A commentary on Indian Gaming Propositions
A friend asked me, "So, are you voting in favor of Indian gaming?" He was referring to Propositions 94, 95, 96, 97, to be voted upon by the California voters on February 5, which would effectively expand so-called "Indian gaming." [Note: by the time you read this, Feb. 5 will likely have past. Still, the overall principles are important.]
"No," I said, "I’m voting against it."
"Really," my friend retorted. "Don’t you realize that the opposition is actually just other casinos and racing concerns who don’t want more competition?"
I signed. "That might be true," I responded, "but that’s not why I’m voting against it."
I explained to my friend that I vote against any and all gambling measures. It is not a good element for any society to promote get-rich-quick schemes which statistically will get very few people rich. I find it particularly perverse that the native Americans who are now so enriched by gambling profits choose to call this "self-reliance."
That’s an inappropriate use of the phrase, "self-reliance." Self-reliance refers to farming, food processing, manufacturing, creating energy (wind, solar, etc.), building stores, building schools, putting people to work in a self-sustaining way that benefits the society.
Creating and supporting the infrastructure of gambling certainly produces money, but it is not true self-reliance. Gambling fosters the notion that we might get something for nothing, or at least, get a lot for a very small investment. It relies on luck or chance, not skill, merit, or work. Gambling does not pay us! The hopeful gamblers pay to support the gambling institutions. That is, no one really "wins," and most "lose." It is this very fact that keeps "gaming" alive and able to generate so much money.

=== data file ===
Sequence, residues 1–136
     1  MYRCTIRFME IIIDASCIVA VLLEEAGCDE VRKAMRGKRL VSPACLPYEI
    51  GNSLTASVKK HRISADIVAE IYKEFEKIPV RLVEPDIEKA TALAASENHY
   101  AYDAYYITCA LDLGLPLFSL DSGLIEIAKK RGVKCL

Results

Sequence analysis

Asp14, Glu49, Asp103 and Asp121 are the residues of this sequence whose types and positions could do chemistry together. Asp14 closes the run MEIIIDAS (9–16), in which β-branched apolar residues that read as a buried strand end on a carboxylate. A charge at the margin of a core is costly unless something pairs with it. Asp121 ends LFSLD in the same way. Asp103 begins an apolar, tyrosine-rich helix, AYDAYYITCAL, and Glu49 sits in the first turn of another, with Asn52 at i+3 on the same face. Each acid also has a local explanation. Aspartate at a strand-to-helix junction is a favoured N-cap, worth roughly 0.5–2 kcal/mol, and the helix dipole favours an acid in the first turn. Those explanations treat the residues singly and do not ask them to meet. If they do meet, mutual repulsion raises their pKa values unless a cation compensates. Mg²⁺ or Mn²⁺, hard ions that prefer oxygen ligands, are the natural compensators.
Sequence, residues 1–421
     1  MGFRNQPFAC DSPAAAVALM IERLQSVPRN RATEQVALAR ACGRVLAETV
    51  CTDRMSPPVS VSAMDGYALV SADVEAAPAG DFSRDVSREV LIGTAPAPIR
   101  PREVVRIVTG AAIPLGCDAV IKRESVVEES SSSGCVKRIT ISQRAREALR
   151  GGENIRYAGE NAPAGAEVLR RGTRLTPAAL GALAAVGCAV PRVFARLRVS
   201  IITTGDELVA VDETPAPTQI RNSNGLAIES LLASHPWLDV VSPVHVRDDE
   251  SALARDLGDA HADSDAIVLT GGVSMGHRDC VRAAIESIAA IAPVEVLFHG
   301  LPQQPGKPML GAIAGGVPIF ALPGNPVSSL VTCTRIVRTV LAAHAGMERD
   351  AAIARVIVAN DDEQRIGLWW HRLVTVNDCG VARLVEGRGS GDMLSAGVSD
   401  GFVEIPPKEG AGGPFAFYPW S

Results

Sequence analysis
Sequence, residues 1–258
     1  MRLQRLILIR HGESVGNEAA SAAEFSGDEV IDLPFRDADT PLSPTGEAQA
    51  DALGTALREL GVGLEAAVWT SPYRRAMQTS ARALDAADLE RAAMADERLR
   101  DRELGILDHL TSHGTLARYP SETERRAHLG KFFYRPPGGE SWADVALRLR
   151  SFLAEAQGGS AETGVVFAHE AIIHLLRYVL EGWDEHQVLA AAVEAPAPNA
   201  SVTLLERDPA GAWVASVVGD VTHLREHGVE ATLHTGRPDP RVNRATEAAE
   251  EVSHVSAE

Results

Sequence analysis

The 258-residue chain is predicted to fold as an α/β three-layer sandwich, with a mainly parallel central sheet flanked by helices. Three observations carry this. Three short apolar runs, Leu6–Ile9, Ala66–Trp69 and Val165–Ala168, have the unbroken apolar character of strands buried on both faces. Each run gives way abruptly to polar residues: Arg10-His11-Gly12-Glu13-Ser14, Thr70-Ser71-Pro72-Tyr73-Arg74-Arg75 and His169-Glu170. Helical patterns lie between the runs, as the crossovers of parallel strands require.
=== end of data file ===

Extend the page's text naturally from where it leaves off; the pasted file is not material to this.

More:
There are those who feel that native Americans deserve this chance to bring in the needed money to the tribe. This is understandable, given the history of broken promises, of extermination via warfare, and massive deaths brought by the white man’s various diseases. So
I don’t fault the desire, and the need, to grow in financial health. I am against the means to do so, which brings along with it all of the unintended consequences.
It is sad to me that after so long of being the "forgotten minority" in America, the native Americans have hit upon one of the least overall beneficial means to become "self-reliant." By the pursuit of gambling, such proprietors also take on the karma of all that the enterprises generate, and whether native Americans or other gambling operators, they become another soulless lemming in the pursuit of Mammon. So be it, since that has already happened to 95% of us. Let’s just not call this "self-reliance."
It is not spiritually uplifting to the individual or society to choose luck and chance as a means of making one’s living. It invites the underworld so long associated with Las Vegas – money laundering, drugs, prostitution, mafia. How well have our native brothers been holding up against such tremendous pressures which the avalanche of gambling money brings?
I vote against all such measures on principle. It is why I voted against the California state lottery, and why I encourage all thinking individuals to also vote against yet another Trojan horse in our midst.